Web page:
An Introduction to Mythology
Page: 135Skasa-it (Robin) is Blue Jay's elder brother, and his principal occupation is making sententious comments on the mischievous acts of his relative. The Skunk, Panther, Raven, and Crow are similar figures. That most of these were anthropomorphic in shape—probably having animals' or birds' heads upon men's bodies—is proved not only by the protean facility with which they change their shapes, but by a passage in the myth of Anektcxolemix, mentioning "a person who came to the fire with a very sharp beak, and began to cut meat"; and another 'person' splits logs for firewood with his beak. Such ideas are notoriously incomprehensible to those unfamiliar with the distorted appearance of Nature—due to an intense familiarity with and nearness to her—in the savage mind.
Evil spirits are many and various. The most terrible appears to be the insatiable Glutton, who devours everything in a house, and when the meat supply comes to an end kills and eats the occupants. In the myth of Okulam he pursues five brothers, after eating all their meat, and devours them one by one, except the youngest, who escapes by the good offices of the Thunderer, Ikenuwakcom, a being of the nature of a thunder-god, and marries his daughter.
Besides being reckoned as deities of zoomorphic or sometimes anthropomorphic type, Blue Jay, Italapas, and the others[Pg 303] may be regarded as hero-gods or culture-heroes, although not always prompted by the highest motives in their activities. They are markedly egotistical, every action being dictated by a desire to prove superior in force and cunning to the foe. To overcome difficulties by craft is the delight of the savage, and those gods who are most skilled in such methods he honours most. In the myths of Blue Jay and his sister Ioi, Blue Jay repeatedly scores against his adversaries, but in the end he is punished himself, and it is difficult to say whether or not the world was any the wiser or better for his efforts. The idea of good accomplished is a purely relative one in the savage mind, and cannot be appreciated to any extent by uncivilized persons.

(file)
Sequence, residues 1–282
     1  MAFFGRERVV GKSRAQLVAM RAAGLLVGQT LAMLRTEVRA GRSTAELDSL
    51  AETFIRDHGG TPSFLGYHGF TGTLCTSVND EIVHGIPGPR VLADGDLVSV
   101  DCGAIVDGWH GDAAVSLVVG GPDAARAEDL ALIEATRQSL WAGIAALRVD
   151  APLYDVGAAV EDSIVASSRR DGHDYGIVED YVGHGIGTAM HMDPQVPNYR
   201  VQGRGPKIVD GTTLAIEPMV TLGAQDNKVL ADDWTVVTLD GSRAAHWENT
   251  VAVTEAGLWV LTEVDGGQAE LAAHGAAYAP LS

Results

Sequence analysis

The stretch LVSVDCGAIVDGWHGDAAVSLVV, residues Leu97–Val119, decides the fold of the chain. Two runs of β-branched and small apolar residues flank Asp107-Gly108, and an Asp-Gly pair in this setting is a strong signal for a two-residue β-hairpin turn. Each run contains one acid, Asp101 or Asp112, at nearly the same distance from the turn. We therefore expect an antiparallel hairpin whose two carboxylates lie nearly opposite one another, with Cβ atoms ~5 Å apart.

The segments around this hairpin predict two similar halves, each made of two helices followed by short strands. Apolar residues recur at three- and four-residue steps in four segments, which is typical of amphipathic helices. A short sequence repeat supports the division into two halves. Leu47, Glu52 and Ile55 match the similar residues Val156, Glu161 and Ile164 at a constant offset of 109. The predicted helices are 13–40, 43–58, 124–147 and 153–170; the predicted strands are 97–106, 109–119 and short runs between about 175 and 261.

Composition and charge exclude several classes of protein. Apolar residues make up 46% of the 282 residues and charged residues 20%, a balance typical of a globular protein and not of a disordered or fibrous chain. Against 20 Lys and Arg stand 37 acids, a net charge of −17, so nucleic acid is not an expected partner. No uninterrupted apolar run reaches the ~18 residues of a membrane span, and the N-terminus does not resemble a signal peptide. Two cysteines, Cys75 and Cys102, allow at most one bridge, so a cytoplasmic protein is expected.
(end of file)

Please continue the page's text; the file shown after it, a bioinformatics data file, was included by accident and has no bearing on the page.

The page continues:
The shamans of the Chinooks were a medico-religious fraternity, the members of which worked individually, as a general rule, but sometimes in concert. Their methods were much the same as those of the medicine-men of other Indian tribes in a similar state of belief, but were differentiated from them by various thaumaturgical practices which they made use of in their medical duties. These were usually undertaken by three shamans acting in concert for the purpose of rescuing the 'astral body' of a sick patient from the Land of Spirits. The three shamans who undertook the search for the sick man's spiritual body threw themselves into a state of clairvoyance; their souls, temporarily detached from their bodies, then followed the spiritual track of the sick man's soul. The soul of the shaman with a strong guardian spirit was placed first, the next in degree last, and that of the priest with the weakest guardian spirit in the middle. When the trail of the sick man's soul foreshadowed danger or the proximity of any supernatural evil, the soul of the foremost shaman sang a magical chant to ward it off; and if a danger approached from behind, the shaman in the rear did likewise. The soul was usually thought to be reached about the time of the rising of the morning star. If possible, it was laid hands on and brought back, after a sojourn of one or perhaps two nights in the regions of the supernatural. The shamans next replaced the soul in the body of their patient, who forthwith recovered. Should the soul of[Pg 304] a sick person take the trail to the left, the pursuing shamans would say, "He will die"; whereas, if it took a trail toward the right, they would say, "We shall cure him."